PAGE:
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. Last Updated: 07/27/2016

Out of the Frying Pan, Into the Sunshine State

Wow, am I lucky. Not only do I live in one of the most interesting and colorful places in the world, but when I go on vacation, I get to head to a place that's nearly as good: Florida. Not Miami -- we're talking real Florida here. Alligators, Spanish moss, boiled peanuts, tornados, mobile homes and men who really do call themselves things like Bud and Bubba. It's a nourishing feast of sight and sound for a world-weary soul.

Well, maybe that's a little strong. But I haven't been in Russia for weeks, and, so far away from my grim, mercurial muse, I have no choice but to deal with the sunny, down-home reality I see before me.

Actually, Russians and Floridians aren't totally dissimilar. They both drink a lot of tea -- although here in Florida it's iced, of course, and we all know how most Russians feel about ice in their beverages.

Then there's the basic distrust of outsiders -- odd, because Florida, like Russia, is composed primarily of outsiders. And neither cares much for highfalutin foreign names, no matter how fashionable they might be. Here a town scandal recently erupted when officials in Destin renamed a local street Rue St. Jean de Luz, which fell immediately out of favor when people realized they couldn't pronounce it. The officials considered several more palatable suggestions -- Dancing Fish Way and No Nets Drive, for example -- before returning it to its original name, Two Trees Road. Yury Luzhkov would have approved.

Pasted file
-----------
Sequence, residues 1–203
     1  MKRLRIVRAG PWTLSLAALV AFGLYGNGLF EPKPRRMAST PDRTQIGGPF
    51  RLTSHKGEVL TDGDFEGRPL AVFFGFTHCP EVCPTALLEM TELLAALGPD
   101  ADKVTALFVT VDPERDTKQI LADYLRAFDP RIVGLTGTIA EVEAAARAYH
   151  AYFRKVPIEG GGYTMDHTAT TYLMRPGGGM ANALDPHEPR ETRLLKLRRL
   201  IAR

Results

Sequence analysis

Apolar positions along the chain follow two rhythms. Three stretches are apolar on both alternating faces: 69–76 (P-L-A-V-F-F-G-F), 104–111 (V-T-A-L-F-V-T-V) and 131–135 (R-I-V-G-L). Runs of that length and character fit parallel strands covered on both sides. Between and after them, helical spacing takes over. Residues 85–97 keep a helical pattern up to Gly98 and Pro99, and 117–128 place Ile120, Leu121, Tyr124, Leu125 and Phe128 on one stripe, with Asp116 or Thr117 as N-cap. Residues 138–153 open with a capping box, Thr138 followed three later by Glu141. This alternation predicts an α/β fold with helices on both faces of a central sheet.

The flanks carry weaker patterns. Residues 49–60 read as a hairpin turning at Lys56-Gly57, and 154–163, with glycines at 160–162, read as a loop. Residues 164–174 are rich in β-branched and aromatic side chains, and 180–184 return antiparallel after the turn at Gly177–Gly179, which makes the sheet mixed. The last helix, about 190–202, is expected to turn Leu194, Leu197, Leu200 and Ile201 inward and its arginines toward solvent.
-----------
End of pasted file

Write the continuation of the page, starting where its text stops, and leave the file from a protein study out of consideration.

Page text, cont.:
But here politicians have a truly creative skill for making their appeal stick. Boris Yeltsin might do well to pay slightly closer attention to the winning styles of politicians in other parts of the world, before it's too late. Florida was one of the few states to survive the Republican crusades last November, with incumbent governor Lawton Chiles beating out Jeb Bush, the son of former president George Bush. Chiles won his first term of office by labeling himself "Walkin' Lawton" and hiking up and down the state in a meet-the-people campaign.

This time around it was a little more tricky: Jeb is a smooth, good-looking guy, just like his daddy, and he and Lawton were neck and neck for most of the race. The crucial moment came during a televised debate when Walkin' Lawton suddenly came up with this oratorical gem: "The he-coon walks at dawn." Nobody knew what it meant, but the crowd went wild. And so, having likened himself to a male raccoon, Chiles coasted to victory. After his swearing-in ceremony, he decked himself in raccoon pelts, downed a fortifying bowl of he-coon stew and threw in another walk, for good measure, surrounded by fellow he-coons and she-coons. Now, a walk across Russia is probably not a great political tactic, but what about the he-coon rhetoric? Yenot gulyaet rassvetom. It's got a great ring to it.